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In my investment account, there are holdings

  • in a mutual fund and
  • in a money market.

The 1099-DIV form of my account has the following nonzero items:

  • Total ordinary dividends (qualified dividends included),
  • Total capital gain distributions,
  • Foreign tax paid.

My investment account also has a 1099-INT form with nonzero amounts in

  • Interest Income, and
  • Tax-Exempt Interest.

After reading my monthly statements, I found the nonzero items in 1099-INT belong to the money market, instead of the mutual fund.

I wonder, in general, if a mutual fund can have 1099-INT form, besides 1099-DIV?

5

Your "money market" is cash or a "sweep account" that your broker is holding for you and on which the broker is paying you interest. The mutual fund is paying you dividends, not interest, even if it is a money-market mutual fund (often bearing a name such as Prime Reserve Fund) or bond mutual fund that is collecting interest on its investments and passing them on to you.

  • Thanks! Are you saying mutual funds do not report 1099-INT to IRS and to me? – Tim Jun 12 '12 at 13:19
  • Did you lend money to the mutual fund which sum the mutual fund agreed to return to you (together with interest at a specified rate) after a fixed period of time, or to hold for you and pay interest on for as long as it was holding the money for you? If so, you will get a 1099-INT from the fund. So check what you did: did you lend money to the mutual fund, or did you invest it in the mutual fund? Hint: reading the mutual fund prospectus might help. – Dilip Sarwate Jun 12 '12 at 13:56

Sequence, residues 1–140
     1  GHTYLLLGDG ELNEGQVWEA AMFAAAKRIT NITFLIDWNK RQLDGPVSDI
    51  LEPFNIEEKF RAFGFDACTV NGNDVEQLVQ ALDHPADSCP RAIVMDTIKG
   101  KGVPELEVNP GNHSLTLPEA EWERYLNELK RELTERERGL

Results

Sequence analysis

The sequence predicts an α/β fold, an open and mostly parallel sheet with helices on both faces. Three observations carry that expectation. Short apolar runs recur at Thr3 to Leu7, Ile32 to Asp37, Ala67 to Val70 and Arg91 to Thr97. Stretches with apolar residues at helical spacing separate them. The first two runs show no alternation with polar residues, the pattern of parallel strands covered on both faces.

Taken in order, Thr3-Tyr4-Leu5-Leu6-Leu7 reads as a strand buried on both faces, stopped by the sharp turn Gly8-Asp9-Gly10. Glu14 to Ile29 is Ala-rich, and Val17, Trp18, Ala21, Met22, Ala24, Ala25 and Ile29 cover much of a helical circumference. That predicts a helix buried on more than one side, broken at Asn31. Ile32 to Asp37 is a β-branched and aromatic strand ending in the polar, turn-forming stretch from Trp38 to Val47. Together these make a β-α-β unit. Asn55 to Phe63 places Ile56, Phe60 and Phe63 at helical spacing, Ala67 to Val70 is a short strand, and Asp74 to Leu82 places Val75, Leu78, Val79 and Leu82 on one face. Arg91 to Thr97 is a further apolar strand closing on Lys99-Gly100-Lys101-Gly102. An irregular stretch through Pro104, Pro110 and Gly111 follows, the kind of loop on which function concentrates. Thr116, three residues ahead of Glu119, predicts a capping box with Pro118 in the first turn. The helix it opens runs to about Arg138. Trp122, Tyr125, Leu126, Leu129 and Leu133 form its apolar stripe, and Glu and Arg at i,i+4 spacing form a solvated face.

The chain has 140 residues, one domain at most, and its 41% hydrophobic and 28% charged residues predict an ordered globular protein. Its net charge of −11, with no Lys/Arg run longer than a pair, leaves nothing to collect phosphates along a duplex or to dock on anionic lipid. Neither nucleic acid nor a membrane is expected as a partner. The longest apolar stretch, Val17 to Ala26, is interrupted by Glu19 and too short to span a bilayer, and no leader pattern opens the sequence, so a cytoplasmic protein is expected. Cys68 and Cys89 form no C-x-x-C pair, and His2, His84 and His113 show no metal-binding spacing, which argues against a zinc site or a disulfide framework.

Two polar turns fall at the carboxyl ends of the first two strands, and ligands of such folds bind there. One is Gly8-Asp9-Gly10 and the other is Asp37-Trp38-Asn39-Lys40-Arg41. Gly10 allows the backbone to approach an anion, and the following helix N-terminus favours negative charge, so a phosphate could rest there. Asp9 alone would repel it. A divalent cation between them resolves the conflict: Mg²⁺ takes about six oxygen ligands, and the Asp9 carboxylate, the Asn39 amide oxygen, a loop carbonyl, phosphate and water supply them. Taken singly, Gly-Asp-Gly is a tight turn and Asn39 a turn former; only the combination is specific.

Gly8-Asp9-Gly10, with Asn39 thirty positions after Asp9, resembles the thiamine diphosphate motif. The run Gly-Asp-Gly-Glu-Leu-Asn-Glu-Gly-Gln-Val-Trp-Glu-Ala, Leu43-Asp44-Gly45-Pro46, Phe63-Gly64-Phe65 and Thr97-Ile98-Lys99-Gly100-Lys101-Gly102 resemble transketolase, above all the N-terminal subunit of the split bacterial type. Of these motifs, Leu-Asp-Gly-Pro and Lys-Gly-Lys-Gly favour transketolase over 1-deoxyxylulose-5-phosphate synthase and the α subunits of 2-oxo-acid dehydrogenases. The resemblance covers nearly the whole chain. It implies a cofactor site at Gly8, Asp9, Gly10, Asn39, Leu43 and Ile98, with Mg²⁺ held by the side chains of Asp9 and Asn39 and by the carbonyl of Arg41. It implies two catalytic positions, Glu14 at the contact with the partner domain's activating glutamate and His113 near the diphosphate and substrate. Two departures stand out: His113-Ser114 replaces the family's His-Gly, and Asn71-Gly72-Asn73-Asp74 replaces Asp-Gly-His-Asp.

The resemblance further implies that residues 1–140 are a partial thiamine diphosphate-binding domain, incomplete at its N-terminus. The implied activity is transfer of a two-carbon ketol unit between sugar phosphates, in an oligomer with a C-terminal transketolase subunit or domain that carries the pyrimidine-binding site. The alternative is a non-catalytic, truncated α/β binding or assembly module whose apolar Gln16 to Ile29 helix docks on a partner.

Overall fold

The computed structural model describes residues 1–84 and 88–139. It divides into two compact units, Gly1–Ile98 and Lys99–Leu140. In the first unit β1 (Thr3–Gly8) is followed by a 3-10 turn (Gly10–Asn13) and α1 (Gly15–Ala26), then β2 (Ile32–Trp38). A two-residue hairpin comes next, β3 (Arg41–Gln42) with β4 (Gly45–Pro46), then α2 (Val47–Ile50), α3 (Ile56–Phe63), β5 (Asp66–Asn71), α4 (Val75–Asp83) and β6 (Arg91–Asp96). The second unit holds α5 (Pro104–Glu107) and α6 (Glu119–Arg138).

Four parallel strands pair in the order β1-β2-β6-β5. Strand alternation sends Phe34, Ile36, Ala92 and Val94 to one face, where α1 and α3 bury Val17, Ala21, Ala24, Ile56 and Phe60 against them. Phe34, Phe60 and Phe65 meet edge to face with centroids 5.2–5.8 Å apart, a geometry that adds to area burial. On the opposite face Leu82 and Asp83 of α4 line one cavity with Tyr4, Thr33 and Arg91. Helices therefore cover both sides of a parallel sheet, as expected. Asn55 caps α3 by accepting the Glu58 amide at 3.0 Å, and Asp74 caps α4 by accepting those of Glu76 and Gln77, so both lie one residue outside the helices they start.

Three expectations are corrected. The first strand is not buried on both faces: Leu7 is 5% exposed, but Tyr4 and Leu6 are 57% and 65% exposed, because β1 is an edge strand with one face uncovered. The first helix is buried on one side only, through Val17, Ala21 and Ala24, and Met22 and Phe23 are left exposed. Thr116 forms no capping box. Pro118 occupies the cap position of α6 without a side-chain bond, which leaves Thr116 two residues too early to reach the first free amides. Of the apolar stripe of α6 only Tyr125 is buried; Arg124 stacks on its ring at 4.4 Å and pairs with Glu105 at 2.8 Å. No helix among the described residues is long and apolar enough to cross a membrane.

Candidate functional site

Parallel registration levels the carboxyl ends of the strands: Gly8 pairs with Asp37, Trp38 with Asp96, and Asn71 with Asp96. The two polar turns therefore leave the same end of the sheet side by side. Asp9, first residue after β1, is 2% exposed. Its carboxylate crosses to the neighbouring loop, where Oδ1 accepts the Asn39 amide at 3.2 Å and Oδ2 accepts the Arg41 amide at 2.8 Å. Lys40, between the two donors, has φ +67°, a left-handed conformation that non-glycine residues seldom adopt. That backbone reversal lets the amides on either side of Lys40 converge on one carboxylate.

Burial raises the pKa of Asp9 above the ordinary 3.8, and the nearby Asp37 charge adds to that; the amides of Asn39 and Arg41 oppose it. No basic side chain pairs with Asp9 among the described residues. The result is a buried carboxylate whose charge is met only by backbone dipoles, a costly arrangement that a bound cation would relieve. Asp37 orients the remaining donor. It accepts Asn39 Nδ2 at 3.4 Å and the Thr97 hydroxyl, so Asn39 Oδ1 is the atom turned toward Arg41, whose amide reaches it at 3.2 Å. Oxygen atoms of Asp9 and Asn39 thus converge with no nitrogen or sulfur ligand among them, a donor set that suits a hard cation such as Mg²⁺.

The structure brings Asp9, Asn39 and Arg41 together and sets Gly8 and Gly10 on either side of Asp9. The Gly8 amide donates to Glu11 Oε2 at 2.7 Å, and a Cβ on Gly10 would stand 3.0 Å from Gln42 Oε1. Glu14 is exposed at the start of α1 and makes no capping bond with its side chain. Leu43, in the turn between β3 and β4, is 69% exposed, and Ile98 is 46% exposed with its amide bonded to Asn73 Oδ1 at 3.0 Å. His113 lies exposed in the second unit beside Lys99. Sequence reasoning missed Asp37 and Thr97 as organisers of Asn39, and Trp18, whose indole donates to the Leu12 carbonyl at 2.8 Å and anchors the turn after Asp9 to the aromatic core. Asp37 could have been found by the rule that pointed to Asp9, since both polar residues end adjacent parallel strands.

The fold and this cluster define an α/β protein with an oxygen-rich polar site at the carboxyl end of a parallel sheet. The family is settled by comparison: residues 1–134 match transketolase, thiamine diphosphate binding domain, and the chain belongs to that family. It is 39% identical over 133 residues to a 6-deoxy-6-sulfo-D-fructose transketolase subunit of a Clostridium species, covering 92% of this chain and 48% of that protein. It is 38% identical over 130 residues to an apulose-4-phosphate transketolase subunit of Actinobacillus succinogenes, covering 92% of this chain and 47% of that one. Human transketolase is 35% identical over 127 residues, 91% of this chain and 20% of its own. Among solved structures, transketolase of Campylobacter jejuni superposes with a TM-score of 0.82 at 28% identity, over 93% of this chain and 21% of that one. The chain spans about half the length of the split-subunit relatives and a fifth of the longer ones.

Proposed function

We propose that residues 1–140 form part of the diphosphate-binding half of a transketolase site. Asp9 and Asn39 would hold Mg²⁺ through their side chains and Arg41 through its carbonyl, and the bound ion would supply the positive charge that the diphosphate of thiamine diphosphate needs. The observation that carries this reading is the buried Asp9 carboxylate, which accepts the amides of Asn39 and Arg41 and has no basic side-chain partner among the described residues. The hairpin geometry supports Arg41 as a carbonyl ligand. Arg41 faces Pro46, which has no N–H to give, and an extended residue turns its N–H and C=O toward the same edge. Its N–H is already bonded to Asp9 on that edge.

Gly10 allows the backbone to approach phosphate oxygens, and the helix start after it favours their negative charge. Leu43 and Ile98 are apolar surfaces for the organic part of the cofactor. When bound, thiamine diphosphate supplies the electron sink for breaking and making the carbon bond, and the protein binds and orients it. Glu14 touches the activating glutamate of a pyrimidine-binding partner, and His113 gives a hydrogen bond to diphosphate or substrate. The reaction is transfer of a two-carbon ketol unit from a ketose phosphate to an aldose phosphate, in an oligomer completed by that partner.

• Yeah, its perfect now:) – littleadv Jun 13 '12 at 5:59
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I believe money market "funds" (ie a mutual fund) would pay dividends, and you would get a 1099-DIV. A money market "account" however is probably actually a bank account, and you would get a 1099-INT for that. It depends how the broker has set it up. I have one of each with different brokers. If your "money market" statements mention anything about FDIC coverage, it is likely an "account" (ie a bank account) and will pay interest, not dividends.

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